'Shame on You!' Man Scolds Cardinal Wuerl in Church

Video shows the interruption of Cardinal Donald Wuerl's post-Communion remarks Sunday at Annunciation Catholic Church.

As the embattled archbishop of Washington asked parishioners attending a Sunday morning service to keep Pope Francis in their prayers, a man stood and yelled "Shame on you" before storming out.

Cardinal Donald Wuerl was celebrating Mass at the Church of the Annunciation to install Monsignor Michael Mellone as the parish’s new pastor. Wuerl is facing a storm of criticism and calls for his resignation after a Pennsylvania grand jury report said he allowed priests accused of sexually abusing children to be reassigned or reinstated when he was the bishop of Pittsburgh.

During his post-Communion remarks, Wuerl asked the parishioners to forgive his own "errors in judgment" and to pray for Pope Francis. 

"We need to hold close in our prayers and our loyalty our Holy Father Pope Francis," Wuerl said. "Increasingly it’s clear that he is the object of considerable animosity."

That's when Brian Garfield shouted, “Shame on you!” and then walked out of the church.

Wuerl continued, “At each mass, we pray for him by name as we do so with our voices, so may we do so also with our hearts. Yes, my brothers and sisters, shame. I wish I could redo everything over these 30 years as a bishop and each time get it always right. That’s not the case.”

Garfield, who is Catholic but not a parishioner of Annunciation, said he was upset at being lectured to by Wuerl and was surprised that more people didn't express the same outrage. He said his faith in God remains strong, but he can’t say the same thing about his faith in the church.

However, one parishioner turned her back on the cardinal during the remarks.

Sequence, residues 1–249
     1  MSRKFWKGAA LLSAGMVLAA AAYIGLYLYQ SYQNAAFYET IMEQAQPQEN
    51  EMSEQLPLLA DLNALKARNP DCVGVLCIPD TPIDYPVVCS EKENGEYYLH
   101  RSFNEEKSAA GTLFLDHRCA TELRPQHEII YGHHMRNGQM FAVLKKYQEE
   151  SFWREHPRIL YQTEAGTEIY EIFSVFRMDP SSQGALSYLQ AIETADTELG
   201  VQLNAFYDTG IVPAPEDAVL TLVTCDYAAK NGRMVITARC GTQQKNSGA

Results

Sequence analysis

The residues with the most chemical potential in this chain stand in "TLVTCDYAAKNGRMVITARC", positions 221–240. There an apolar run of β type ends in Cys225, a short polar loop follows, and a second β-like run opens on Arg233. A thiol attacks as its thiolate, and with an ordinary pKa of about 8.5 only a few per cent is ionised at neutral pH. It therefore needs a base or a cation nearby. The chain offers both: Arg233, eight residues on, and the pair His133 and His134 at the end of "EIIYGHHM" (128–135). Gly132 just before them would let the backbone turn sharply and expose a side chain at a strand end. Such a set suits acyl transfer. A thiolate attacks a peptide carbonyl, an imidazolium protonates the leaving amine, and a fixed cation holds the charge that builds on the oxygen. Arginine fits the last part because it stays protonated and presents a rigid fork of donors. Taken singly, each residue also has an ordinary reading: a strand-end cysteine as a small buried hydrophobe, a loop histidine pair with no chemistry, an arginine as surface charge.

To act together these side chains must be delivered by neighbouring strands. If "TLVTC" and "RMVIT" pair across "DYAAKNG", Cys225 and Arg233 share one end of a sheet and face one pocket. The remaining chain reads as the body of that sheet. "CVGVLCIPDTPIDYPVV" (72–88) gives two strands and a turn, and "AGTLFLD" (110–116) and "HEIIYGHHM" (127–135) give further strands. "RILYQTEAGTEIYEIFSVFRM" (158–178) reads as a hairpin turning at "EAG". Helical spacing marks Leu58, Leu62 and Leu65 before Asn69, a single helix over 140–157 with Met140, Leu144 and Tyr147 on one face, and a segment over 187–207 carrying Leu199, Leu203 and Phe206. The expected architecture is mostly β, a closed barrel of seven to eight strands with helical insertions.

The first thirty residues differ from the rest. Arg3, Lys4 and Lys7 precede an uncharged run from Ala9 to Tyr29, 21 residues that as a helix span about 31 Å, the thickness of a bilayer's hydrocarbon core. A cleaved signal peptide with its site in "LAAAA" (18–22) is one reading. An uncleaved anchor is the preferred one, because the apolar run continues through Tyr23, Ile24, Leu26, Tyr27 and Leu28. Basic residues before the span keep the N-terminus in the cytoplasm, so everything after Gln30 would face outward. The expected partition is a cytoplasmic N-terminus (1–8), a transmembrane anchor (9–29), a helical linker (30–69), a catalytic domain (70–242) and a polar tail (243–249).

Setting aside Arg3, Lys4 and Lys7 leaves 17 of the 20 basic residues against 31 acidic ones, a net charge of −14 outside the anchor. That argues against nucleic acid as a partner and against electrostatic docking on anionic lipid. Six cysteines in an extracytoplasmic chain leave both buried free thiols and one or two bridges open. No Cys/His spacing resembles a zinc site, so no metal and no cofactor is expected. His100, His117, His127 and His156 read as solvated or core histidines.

“There’s a tradition in the church, especially here in Washington,” Mary Challinor said. “There were protests in the late ‘60s and early ‘70s of people who, during the sermon in that case, would turn their backs to say, ‘I am here, I am a member of the church, I am celebrating mass, but I don’t agree with what is being said, and I don’t agree with the policy, but I am here as a Catholic.”

She said she doesn’t think the church hierarchy understands what the scathing grand jury report released last month about rampant sex abuse in six Pennsylvania dioceses really means to Catholics. The report accused Wuerl, 77, of helping to protect some child-molesting priests while he was bishop of Pittsburgh from 1988 to 2006.

“I feel like these people who, in the evidence of the Pennsylvania report, allowed priests who were abusing children to continue in their ministry should no longer be in the church hierarchy,” she said. “They should be priests. We need every priest we can get, and I don’t think they did this out of malice at all, but I think that they abused their position and I feel like they abused the responsibility that was given to them, I guess in Pennsylvania, as a bishop.”

A statement posted on the archdiocese's website acknowledges the dissenters, but says "the Cardinal was also met with applause and expressions of support from the parishioners as he concluded his remarks. This sentiment was echoed as he greeted the faithful who approached him and expressed their prayers and support after Mass."

The Archdiocese of Washington is home to more than 630,000 Catholics and is considered an important power center for the church in the U.S. Wuerl has been ranked by commentators as one of the most influential of the 10 active American cardinals.

Some Catholics are calling for the resignation or removal of Wuerl, 77.

Wuerl has not been charged with any wrongdoing but is named numerous times in the grand jury report, which details instances in which he allowed priests accused of misconduct to be reassigned or reinstated.

Wuerl was born in Pittsburgh, attended Catholic University in Washington and received a doctorate in theology from the University of Saint Thomas in Rome. He joined the priesthood in 1966, was ordained a bishop by Pope John Paul II in 1986, and served briefly as auxiliary bishop in Seattle before going to Pittsburgh.

Copyright AP - Associated Press
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